‘Studies have shown that using this technology in classrooms actually improves learning’
WITH the help of e-technology, Loeriesfontein schools are embracing 21st century e-learning.
Chalk boards are making way for electronic smart boards, bringing improved skills to teachers and enhancing the educational environments for improved teaching and learning.
The smart boards have been found to be particularly helpful for teaching maths in Grades 4 to 7 within the primary school, while the high school has installed the boards in classrooms to teach Geography, Languages, Life Sciences, Natural Science, Maths and Technology.
Responding to a request from Loeriesfontein Primary School and Loeriesfontein High School, Khobab Wind Farm funded seven smart boards.
This forms part of the Loeriesfontein Wind Farm and Khobab Wind Farm’s focus on education, which includes the funding of foundation phase and maths and science teachers, skills training, literacy and a maths numeracy programme.
A smart board is an interactive whiteboard that can project images by connecting to a computer. It allows teachers to show subjects in a way that pupils can understand easier as the technology is more engaging, additionally the boards are touch screens, so you can use your fingers to move things around on it and come with different coloured pens that you write with on the board.
The benefits are numerous, including: pupils who learn with their hands can touch the board and work out the problem themselves; pupils do better when they are fully engaged, and hands-on learning is the best way to do it. Because it’s a touch screen, multiple pupils can use the board at once. This means they can work together to solve the problem while building relationships with one another; and being connected to a computer, it allows teachers to use the internet to enhance their lessons. Which means the pupils have access to online resources.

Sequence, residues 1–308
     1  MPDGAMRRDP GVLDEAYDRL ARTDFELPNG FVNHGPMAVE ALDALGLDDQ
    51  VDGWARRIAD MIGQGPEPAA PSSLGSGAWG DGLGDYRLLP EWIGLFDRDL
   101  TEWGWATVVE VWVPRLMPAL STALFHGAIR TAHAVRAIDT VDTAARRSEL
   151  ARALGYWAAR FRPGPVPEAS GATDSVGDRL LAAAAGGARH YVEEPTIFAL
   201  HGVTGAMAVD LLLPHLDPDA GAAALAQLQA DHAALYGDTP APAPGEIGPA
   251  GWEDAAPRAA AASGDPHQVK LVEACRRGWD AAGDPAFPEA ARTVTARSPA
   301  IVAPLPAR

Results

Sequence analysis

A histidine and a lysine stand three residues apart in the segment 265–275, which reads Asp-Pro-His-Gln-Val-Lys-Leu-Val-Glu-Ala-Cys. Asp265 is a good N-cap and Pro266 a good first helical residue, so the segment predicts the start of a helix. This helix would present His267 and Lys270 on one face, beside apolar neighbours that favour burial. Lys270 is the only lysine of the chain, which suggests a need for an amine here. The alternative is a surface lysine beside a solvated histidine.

“Studies have shown that using this technology in classrooms actually improves learning, enhances literacy, boosts attentiveness, and increases comprehension,” explained Vanessa Fredericks, economic development manager for Loeriesfontein Wind Farm and Khobab Wind Farm.
Loeriesfontein Wind Farm and Khobab Wind Farms follow an asset-or strength-based approach to community development, which builds on what the community has, as opposed to what it doesn’t have. Their socio-economic projects include a focus on education, particularly maths and literacy, with research showing that low literacy levels places a constraint on future learning, negatively affecting overall educational outcomes.
It is expected that over the long term investment in education and skills development will translate into increased career opportunities and household income in the Loeriesfontein community.